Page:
Reading books on REST architecture(especially O'Reilly) many times I came across the idea that one should attach data's description into link http header.

    Link: <http://example.com/contactmanagement/profile>; rel="profile"
    Date: Fri, 21 Dec 2017 06:47:25 GMT
    Content-Length: ??

Where profile is URI pointing into data description(profile). There are several profile formats:

  1. ALPS (https://en.wikipedia.org/wiki/Application-Level_Profile_Semantics_(ALPS))

  2. Microformats (https://en.wikipedia.org/wiki/Microformat)

  3. HAL (https://en.wikipedia.org/wiki/Hypertext_Application_Language)

It seems that profiles are mostly used in areas of academic researches right now rather then enterprise applications. I'm wondering does anyone use them?


While this kind of metadata is undeniably useful to a human or a magic self-discovering client, it suffers the same problem as HATEOAS...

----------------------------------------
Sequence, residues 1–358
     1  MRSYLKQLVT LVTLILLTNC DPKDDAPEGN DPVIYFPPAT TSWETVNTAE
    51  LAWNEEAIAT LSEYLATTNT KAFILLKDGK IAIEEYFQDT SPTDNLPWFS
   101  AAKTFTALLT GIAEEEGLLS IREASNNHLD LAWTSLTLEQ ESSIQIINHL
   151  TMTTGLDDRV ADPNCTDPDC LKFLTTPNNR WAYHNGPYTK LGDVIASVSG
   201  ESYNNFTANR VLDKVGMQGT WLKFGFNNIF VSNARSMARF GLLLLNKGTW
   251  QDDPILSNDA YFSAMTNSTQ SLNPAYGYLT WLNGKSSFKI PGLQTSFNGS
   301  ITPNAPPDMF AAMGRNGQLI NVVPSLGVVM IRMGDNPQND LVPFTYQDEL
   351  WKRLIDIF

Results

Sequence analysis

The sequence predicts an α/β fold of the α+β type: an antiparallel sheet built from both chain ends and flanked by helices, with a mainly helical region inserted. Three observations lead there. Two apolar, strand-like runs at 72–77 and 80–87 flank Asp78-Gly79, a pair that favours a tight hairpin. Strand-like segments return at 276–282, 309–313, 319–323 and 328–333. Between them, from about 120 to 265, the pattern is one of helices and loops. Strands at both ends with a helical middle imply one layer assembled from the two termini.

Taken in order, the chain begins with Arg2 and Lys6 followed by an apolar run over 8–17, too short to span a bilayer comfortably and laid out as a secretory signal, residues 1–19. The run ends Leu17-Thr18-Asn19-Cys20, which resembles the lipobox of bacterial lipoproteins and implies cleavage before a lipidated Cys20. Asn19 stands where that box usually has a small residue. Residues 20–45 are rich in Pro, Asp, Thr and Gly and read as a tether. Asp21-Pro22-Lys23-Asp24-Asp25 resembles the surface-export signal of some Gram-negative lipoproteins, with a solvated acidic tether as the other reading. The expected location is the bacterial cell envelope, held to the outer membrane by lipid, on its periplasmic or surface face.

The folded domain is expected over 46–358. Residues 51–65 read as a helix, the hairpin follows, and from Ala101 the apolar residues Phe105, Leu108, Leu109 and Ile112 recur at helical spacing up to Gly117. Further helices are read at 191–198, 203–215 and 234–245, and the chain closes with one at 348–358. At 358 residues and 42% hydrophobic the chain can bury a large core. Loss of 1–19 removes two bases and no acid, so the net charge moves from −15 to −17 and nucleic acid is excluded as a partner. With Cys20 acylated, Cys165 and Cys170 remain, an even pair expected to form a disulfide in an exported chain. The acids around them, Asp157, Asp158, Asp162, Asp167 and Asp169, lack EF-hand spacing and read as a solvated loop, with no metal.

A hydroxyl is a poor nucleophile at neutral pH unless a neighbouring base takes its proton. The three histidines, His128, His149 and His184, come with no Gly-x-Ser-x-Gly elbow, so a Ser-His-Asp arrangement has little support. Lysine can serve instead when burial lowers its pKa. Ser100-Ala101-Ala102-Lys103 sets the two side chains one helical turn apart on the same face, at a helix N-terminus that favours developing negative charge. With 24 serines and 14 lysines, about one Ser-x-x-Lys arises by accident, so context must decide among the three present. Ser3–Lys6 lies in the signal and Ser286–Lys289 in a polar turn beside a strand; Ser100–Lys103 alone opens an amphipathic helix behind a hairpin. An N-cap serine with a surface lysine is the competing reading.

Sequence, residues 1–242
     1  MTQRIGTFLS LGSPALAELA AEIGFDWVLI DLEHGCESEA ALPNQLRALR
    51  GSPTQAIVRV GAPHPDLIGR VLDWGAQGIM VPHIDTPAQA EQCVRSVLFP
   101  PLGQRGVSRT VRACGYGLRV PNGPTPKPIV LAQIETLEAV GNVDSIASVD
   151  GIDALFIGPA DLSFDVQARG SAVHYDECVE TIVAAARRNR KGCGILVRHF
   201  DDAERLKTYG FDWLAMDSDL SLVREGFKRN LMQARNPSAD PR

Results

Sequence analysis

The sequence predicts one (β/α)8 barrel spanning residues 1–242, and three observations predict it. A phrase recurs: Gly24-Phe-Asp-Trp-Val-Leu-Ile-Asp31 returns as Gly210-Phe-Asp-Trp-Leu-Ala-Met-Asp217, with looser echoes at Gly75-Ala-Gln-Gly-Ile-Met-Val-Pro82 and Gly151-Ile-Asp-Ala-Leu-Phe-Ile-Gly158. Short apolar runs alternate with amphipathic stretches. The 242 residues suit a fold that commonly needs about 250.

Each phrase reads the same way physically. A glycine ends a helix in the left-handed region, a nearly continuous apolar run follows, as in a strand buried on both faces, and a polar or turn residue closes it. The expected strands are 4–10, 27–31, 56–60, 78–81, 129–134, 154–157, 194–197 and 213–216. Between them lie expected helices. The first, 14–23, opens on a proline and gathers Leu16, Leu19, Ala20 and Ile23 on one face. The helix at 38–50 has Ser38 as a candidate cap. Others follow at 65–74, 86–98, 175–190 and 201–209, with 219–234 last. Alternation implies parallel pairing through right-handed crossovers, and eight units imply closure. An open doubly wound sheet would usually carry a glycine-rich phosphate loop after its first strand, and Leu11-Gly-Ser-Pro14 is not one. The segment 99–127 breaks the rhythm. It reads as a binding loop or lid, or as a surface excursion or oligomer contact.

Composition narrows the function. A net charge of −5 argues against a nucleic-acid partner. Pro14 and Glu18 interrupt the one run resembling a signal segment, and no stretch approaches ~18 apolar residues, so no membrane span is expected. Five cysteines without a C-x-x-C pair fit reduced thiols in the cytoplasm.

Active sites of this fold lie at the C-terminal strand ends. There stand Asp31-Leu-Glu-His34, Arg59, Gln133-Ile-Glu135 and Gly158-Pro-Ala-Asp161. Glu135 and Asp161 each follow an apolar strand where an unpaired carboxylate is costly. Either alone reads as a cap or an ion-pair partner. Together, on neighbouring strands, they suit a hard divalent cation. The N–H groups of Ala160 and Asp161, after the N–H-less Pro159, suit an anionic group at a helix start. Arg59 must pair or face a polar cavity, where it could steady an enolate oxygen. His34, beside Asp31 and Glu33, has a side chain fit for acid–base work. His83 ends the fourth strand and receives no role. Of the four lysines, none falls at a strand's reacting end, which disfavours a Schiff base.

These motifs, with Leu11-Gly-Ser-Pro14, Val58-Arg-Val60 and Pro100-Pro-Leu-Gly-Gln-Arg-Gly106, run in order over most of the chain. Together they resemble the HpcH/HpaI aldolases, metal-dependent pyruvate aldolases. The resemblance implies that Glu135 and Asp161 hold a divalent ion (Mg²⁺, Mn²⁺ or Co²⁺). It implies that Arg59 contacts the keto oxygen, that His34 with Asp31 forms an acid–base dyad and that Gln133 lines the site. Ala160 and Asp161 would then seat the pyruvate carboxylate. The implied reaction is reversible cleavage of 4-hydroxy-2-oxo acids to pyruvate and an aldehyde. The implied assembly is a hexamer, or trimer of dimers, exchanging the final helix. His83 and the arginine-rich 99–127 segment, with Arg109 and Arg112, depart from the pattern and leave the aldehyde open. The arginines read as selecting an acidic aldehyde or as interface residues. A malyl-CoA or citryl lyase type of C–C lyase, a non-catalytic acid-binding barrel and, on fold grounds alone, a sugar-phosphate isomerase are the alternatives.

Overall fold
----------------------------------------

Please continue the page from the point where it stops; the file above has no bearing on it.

Usually you are making millions of identical calls via clients that already know the data format, so including human-readable or machine-discoverable links and other metadata needlessly adds to your bandwidth consumption, which tends to cost real money.

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  • 2
    I would even go so far as to say that, contrary to the popular fashion, most clients don't even require a RESTful interface. They just need a decent JSON API. – Robert Harvey Aug 7 '18 at 20:37
  • What about scenario when you are building service consumed by independent clients? I mean services located in Internet (non enterprise). In that case API must be documented anyway - are they document it in profile formats? – nikita Aug 8 '18 at 6:36
  • I think swagger is widely used : swagger.io/solutions/api-documentation – Ewan Aug 8 '18 at 7:00

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